above, below, or near median precipitation during the same time period.

The U.S. Drought Monitor of March 2, 2017 indicates significant
drought conditions across western Arkansas. Much of the area is
in Severe Drought (D2), with a small area near Ft. Smith
designated Extreme Drought (D3). Areas near the Missouri border are
in Moderate Drought (D1).  CPC`s Seasonal Drought Outlook of February
16, 2017 calls for possible improvements to the drought conditions
during the next three months.

OUACHITA RIVER BASIN...

Streamflows are running near seasonal averages. Soil moisture content
is near normal and no flooding is occurring or expected at this time. Observed
daily streamflows as a percent of median are given below.

                                             3/1
Ouachita River                 Camden AR    119%
Ouachita River                 Monroe LA     88%

Based on existing soil moisture, streamflows, and normal spring rainfall
patterns; an Average Flood Potential is expected over the Ouachita and
Black River Basins.

Percent of available reservoir flood control storage is given below.

                                            3/1
                        Lake Ouachita AR    100%
                          Degray Res. AR    100%

...EXTENDED TEMPERATURE AND PRECIPITATION OUTLOOK...

The 8-14 Day Outlook issued by the NWS Climate Prediction Center indicates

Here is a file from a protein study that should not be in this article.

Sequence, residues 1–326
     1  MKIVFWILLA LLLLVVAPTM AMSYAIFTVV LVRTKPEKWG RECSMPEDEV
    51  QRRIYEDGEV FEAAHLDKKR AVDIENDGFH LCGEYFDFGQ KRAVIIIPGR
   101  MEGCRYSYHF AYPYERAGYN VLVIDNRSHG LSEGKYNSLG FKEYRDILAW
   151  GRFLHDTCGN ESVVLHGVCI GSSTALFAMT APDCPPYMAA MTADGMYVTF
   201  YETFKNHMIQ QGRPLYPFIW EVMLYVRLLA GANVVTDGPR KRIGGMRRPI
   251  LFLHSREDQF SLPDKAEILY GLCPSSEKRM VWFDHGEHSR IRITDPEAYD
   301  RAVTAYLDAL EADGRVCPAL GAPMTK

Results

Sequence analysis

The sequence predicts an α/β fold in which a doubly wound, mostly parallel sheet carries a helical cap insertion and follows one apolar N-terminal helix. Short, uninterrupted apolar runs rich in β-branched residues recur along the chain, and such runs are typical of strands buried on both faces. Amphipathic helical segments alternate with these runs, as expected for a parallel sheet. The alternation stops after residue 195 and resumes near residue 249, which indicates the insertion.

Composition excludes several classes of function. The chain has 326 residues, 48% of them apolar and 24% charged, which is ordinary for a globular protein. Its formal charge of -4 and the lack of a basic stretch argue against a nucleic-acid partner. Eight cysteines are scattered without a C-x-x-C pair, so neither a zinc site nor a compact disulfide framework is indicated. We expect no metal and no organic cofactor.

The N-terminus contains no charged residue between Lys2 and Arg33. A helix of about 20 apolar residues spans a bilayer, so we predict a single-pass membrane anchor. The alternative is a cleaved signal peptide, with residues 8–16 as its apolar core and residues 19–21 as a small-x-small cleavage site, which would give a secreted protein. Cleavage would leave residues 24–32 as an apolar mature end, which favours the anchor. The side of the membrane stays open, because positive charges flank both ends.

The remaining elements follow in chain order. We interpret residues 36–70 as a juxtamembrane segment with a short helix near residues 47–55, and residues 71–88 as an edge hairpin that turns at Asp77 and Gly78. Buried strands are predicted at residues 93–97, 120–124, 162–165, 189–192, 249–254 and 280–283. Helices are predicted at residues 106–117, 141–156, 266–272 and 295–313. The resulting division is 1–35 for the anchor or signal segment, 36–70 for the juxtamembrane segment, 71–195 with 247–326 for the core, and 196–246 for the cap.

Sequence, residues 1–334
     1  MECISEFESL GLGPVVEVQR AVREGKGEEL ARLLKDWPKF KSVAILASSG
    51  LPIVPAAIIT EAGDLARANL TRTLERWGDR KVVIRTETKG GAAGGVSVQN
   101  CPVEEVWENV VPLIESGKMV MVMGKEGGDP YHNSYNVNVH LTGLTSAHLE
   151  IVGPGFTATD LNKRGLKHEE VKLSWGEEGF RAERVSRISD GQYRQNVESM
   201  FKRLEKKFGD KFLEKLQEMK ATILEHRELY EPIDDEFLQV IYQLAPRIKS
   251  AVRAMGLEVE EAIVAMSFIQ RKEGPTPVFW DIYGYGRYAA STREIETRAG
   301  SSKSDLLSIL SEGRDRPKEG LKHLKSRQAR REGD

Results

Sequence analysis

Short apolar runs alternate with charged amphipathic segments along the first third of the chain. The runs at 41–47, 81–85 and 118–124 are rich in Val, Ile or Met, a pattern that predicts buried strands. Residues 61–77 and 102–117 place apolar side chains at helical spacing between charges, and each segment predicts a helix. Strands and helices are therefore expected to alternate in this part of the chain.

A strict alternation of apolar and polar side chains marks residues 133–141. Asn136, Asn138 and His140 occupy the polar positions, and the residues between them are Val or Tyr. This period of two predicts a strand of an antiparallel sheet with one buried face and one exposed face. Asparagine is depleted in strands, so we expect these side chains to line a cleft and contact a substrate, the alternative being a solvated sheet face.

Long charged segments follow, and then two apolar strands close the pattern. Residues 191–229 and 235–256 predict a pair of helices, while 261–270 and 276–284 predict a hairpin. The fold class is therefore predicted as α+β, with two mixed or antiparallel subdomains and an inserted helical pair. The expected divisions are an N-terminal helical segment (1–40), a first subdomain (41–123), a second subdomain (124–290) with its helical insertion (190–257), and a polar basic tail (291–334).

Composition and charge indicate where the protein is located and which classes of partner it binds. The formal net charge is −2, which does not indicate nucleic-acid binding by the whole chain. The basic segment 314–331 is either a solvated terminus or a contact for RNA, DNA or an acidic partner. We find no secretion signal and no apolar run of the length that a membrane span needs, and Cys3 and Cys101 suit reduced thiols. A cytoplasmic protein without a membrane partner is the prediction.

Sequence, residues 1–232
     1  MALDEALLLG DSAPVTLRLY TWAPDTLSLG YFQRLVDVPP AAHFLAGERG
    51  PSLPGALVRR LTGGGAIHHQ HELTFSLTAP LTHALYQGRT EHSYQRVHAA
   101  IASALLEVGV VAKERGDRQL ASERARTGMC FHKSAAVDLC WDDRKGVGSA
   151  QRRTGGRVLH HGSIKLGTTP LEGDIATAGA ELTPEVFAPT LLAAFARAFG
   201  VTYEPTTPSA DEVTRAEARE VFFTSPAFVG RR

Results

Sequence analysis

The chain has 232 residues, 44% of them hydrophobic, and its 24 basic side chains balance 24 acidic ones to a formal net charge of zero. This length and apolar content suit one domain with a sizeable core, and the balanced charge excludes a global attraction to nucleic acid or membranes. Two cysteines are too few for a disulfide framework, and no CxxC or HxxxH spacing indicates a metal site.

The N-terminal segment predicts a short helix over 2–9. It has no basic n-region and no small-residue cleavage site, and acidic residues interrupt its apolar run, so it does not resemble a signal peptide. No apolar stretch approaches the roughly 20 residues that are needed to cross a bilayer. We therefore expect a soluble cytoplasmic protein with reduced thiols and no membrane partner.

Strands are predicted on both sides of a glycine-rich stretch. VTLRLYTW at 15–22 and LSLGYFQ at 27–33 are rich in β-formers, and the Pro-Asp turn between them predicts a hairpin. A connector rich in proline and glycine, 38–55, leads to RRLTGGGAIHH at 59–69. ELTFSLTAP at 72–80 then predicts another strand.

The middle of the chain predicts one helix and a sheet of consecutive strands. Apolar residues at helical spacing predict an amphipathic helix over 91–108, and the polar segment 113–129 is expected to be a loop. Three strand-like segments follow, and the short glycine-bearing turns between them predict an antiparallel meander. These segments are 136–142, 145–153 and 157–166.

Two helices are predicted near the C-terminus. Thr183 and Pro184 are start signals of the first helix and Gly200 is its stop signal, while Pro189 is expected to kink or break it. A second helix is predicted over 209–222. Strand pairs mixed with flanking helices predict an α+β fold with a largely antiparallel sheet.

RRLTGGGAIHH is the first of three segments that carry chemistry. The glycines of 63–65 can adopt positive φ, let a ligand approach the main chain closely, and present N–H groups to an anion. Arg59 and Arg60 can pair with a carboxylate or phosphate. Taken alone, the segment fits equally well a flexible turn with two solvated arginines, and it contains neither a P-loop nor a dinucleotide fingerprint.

chances of above normal temperatures. Chances of below normal precipitation
are expected over Gulf Coast and Tennessee Valley while equal chances of
above/below normal precipitation is expected over the remainder of the lower
Mississippi Valley.

The 30 Day Outlook indicates chances of above normal temperatures across the
area. Equal chances of above/below normal precipitation is indicated over the
lower Mississippi Valley.

The 90 Day Outlook issued by the NWS Climate Prediction Center indicates
chances of above normal temperatures over the lower Mississippi Valley. Equal
chances of above/below normal precipitation is indicated over the lower
Mississippi Valley.

CONCLUSION...

The Spring Potential Outlook is a routine product. Should excessive
rainfall become part of the forecast at any time frame of the year,
a hydrologic outlook will be issued with event specific information.

For the latest river stage information, forecast, and warnings
please visit our website at:

http://www.srh.noaa.gov/lzk

River stage and forecast data can be obtained by selecting the
rivers and lakes AHPS link on the front page.

$$

61



USA.gov is the U.S. government's official web portal to all federal, state and local government web resources and services.